Method_missing to define_method

Given the circumstance that you don’t want to explicitly predefine
your methods for properties, etc, but that you’re certain your
parameters won’t somehow change to affect your design, would it be
beneficial to have method_missing define the method so that
method_missing doesn’t have to be called in case the property special
method is called again?

For instance…

class Person
@attributes = {}
def initialize attributes
@attributes.merge! attributes
end
def method_missing name
if @attributes.has_key? name
class_eval do
define_method(name) do |name|
@attributes[name]
end
end
else
# other magic
end
end
end

So, if I do…

p = Person.new { :name => “Papa”, :age => 66, :phone => “404-932-3955” }

the first time I ask for…

p.age

the method :age is created. And the next time I call it, then it just
executes the method I juist created.

So, the point in all of this (and in not using attribute accessors and
the like) is to find out if it makes sense to dynamically define
methods for accessing it on use, as opposed to by default? Is there a
real benefit? Would it just make more sense to keep using
method_missing ?

And, consider that this example is very simple, but what if there are
more advanced methods having to be created for attributes or
what-have-you (such as Person#find_by_foo_and_bar)?

Just trying to see what the community believes to be a better
practice! (Despite the recent argument against best practices.)

M.T.

class Person
@attributes = {}

This is not going to work… Well, it is going to work, but it
doesn’t do what you expected (I suppose)… You’re referring to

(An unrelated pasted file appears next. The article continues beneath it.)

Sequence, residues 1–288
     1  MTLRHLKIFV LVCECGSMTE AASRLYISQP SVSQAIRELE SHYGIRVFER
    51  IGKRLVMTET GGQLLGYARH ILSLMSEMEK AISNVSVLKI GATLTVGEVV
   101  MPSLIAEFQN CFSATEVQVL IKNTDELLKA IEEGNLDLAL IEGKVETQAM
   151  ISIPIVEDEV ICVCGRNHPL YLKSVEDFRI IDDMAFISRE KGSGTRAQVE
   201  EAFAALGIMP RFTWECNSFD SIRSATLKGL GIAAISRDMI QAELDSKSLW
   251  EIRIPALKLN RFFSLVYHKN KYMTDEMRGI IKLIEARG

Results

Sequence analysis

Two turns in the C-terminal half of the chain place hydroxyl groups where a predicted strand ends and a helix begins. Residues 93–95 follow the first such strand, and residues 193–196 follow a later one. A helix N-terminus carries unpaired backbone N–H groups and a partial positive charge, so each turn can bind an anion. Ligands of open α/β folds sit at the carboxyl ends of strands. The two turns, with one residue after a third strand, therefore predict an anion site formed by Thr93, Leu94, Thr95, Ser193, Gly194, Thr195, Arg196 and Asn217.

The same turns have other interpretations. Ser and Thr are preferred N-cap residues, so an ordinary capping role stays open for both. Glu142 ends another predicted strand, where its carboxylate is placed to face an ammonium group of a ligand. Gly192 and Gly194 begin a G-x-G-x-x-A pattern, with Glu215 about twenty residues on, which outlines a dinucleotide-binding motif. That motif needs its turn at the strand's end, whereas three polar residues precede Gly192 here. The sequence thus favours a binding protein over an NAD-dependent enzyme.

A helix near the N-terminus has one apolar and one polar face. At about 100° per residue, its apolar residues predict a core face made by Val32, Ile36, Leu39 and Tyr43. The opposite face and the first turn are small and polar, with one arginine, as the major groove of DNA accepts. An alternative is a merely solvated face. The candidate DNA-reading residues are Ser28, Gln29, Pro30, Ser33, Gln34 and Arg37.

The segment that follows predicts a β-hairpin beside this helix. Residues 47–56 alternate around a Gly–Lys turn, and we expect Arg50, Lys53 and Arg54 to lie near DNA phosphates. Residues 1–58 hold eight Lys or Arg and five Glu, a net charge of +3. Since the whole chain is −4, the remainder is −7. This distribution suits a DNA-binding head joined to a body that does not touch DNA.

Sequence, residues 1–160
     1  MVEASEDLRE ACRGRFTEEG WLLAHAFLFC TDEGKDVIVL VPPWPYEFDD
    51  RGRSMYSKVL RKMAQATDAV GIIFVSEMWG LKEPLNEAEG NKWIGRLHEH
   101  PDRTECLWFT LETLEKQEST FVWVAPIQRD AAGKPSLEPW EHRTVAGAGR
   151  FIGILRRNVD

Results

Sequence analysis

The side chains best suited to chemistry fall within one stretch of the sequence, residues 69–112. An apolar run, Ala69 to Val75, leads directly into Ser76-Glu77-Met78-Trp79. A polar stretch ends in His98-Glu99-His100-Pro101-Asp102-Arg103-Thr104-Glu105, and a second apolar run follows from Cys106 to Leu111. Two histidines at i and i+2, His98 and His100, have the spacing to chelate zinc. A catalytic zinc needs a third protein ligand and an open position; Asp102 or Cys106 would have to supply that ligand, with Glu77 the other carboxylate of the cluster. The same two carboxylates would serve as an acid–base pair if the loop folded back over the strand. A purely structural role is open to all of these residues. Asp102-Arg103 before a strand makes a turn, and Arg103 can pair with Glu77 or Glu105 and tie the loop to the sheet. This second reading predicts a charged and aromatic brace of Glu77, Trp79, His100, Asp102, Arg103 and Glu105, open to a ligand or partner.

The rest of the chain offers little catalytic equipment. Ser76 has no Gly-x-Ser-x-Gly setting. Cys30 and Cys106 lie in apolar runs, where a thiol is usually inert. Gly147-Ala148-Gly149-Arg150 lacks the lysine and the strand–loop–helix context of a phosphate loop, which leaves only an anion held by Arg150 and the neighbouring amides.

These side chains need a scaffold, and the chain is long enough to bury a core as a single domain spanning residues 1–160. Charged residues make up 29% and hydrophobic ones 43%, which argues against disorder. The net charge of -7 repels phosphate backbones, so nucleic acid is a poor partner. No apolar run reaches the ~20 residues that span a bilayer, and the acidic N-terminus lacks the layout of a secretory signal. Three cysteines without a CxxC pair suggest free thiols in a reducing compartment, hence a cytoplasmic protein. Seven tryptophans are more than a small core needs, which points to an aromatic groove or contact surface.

the instance variable of the class, which isn’t the same has
the instance variable of an instance of the class.

def initialize attributes
@attributes.merge! attributes
end

Because of the previous error, you’re calling merge! of nil…
Why not “@attributes = attributes”, as usual? You usually
initialize an object only once, anyway.

def method_missing name
if @attributes.has_key? name
class_eval do

     Object#.class_eval ???
     define_method(name) do |name|
       define_method(name) do
       @attributes[name]
     end
   end
     self.send(name)
 else
   # other magic
 end

end
end

And, consider that this example is very simple,

… but it doesn’t work… ;]

gegroet,
Erik V. - http://www.erikveen.dds.nl/

On Monday 07 August 2006 04:07, Matt T. wrote:

@attributes = {}
else

p.age

the method :age is created. And the next time I call it, then it just
executes the method I juist created.

Have you seen OpenStruct in the standard library?

require ‘ostruct’
p = OpenStruct.new({ :name => “Papa”, :age => 66, :phone =>
“404-932-3955” })

You can add new fields after object creation, p.occupation=“Doctor”.

I’m also curious as to whether there’s any advantage to defining methods
(as
OpenStruct does) vs just looking up hash keys in method_missing.

Alex

OK: hopefully they chose the better performer of the two!

I’ll definitely check out the OpenStruct. I think I definitely missed
out on the struct goodness when I learned C++ those few years ago. I
see Mauricio using it a good bit in his code, so it’s been tickling my
curiosity for some time.

Thanks for the comments.

M.T.

Matt T. wrote:

Given the circumstance that you don’t want to explicitly predefine
your methods for properties, etc, but that you’re certain your
parameters won’t somehow change to affect your design, would it be
beneficial to have method_missing define the method so that
method_missing doesn’t have to be called in case the property special
method is called again?

Have a look in the ActiveRecord gem - it does a similar thing.

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